Chicago writer Franny Billingsley’s latest novel Chime is not what you think. Forget everything you know about witchcraft, England, and the early 20th century.
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Briony Larkin lives in a village in southern England in the early 1900’s with her father and twin sister, Rose. Briony is not like the other 18-year-olds in her village: She is a witch. She can’t tell anyone her secret or she’ll be hanged. The only person who knew was her beloved stepmother, who died after Briony accidentally conjured up an evil spirit. Briony is filled with self hatred, blaming herself not only for her stepmother’s death but for Rose’s childhood accident that left her unable to care for herself. When many of the village’s children are affected with swamp cough, Briony knows they will not live unless she appeases yet another spirit, upset over plans to drain the nearby swamp in which many of the spirits make their home. But if she wants to stop the draining of the swamp and save not only the younger children of the village but her own sister, who comes down with the swamp cough after a failed attempt to appease the spirits, she must reveal that she is a witch and be hanged for it. Her dilemma is further complicated by the arrival of the mysterious Eldric and her inability to comprehend why she gets angry when the beautiful Leanne flirts with him.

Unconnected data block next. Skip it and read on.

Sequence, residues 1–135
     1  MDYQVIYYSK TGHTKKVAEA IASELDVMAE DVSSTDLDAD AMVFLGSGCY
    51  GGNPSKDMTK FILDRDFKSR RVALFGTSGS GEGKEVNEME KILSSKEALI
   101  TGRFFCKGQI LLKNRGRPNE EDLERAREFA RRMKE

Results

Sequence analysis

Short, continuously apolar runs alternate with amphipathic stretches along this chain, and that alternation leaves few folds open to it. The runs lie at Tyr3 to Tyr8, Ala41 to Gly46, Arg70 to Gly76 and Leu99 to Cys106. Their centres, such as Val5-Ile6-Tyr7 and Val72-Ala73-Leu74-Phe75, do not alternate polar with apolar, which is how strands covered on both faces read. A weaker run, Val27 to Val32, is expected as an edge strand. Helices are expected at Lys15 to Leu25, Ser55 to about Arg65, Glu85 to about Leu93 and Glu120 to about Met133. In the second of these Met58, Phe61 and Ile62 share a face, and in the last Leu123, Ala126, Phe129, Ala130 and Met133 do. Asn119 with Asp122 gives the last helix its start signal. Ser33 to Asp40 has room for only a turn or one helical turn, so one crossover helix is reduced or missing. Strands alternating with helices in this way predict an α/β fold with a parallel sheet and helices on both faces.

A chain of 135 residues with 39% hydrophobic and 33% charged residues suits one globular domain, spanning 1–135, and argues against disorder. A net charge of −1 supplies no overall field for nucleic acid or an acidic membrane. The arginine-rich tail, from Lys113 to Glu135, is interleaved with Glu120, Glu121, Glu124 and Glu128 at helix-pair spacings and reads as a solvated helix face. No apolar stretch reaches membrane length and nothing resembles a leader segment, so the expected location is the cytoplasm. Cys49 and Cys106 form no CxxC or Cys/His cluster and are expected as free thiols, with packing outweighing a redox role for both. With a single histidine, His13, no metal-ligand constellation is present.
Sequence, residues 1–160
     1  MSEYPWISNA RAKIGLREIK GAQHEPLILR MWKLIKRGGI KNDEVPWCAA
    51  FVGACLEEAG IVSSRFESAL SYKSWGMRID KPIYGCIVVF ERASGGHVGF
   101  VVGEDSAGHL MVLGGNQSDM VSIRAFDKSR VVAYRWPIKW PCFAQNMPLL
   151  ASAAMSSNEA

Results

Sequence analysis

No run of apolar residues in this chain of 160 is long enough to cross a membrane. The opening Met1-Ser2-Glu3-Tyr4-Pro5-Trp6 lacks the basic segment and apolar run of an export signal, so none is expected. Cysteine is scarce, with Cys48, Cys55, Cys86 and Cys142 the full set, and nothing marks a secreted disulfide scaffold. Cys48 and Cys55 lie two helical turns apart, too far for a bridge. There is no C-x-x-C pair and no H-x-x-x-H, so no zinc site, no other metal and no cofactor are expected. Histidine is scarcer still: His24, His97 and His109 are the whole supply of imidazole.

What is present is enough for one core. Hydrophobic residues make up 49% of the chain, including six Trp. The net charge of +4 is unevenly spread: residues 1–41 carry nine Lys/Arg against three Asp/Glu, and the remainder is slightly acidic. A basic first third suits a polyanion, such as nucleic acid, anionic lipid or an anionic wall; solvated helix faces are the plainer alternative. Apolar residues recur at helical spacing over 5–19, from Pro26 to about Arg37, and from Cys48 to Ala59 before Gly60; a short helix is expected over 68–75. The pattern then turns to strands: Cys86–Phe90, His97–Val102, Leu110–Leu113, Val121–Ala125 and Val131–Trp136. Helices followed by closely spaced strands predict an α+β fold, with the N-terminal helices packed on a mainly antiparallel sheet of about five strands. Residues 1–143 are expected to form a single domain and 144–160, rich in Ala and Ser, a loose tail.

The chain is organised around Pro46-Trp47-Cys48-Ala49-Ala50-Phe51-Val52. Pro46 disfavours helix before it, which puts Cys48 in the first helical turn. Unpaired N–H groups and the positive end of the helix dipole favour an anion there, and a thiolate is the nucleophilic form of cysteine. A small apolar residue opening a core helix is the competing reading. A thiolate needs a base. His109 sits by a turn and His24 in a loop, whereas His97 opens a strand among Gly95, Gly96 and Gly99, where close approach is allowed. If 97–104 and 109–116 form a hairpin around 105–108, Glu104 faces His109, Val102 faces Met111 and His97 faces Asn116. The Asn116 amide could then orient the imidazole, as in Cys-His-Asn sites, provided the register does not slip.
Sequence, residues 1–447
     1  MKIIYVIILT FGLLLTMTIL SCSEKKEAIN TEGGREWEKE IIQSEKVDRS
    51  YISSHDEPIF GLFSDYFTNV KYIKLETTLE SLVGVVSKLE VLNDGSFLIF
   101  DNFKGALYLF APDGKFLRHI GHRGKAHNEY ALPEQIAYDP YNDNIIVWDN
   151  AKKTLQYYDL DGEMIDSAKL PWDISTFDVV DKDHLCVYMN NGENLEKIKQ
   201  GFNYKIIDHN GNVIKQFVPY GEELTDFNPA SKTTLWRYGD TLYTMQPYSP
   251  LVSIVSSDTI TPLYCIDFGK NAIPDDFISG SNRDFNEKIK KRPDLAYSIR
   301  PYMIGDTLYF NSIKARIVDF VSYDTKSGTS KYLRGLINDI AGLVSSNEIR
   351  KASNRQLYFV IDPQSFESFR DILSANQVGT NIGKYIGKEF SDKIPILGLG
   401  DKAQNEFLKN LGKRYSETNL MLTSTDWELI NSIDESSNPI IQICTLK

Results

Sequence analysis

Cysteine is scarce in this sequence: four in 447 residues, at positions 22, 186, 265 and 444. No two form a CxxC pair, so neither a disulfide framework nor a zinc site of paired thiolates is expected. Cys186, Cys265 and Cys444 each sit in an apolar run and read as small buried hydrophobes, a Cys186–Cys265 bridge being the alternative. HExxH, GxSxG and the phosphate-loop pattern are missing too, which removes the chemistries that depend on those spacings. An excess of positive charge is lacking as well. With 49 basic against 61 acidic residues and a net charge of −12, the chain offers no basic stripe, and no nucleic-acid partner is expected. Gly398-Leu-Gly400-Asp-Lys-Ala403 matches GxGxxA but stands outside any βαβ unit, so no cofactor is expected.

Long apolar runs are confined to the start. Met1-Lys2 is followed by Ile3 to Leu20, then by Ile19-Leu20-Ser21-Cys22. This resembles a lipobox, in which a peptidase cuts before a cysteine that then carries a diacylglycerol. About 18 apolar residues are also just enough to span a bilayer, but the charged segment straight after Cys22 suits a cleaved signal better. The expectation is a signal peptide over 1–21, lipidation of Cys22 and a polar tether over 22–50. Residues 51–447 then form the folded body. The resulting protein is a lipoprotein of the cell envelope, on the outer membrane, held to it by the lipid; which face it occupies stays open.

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Briony has more in common with other teenage girls than she realizes. She suffers from an understandable but exhausting self-hatred, knowing that she is responsible for the accidents that harmed her stepmother and sister. She believes that sharing her secret could kill her, but keeping it could turn out even worse. Briony can talk to the dead and conjur up evil spirits, but ultimately, her struggles with self confidence and jealousy are not that different from those of today’s youths.
Unlike most fantasy romances, in which either the fantasy or the romance portion takes center stage, Chime effortlessly balances both, along with a number of other threads and themes. It is beautifully written but may be difficult for its target audience to plow through Don’t be discouraged if you find yourself daunted by the 1900’s prose and various names of spirits and witches; do your best to enjoy the story itself. Hattiesburg residents can pick up a copy at the Oak Grove Public Library on Old Highway 11 or the Hattiesburg Public Library on Hardy Street.
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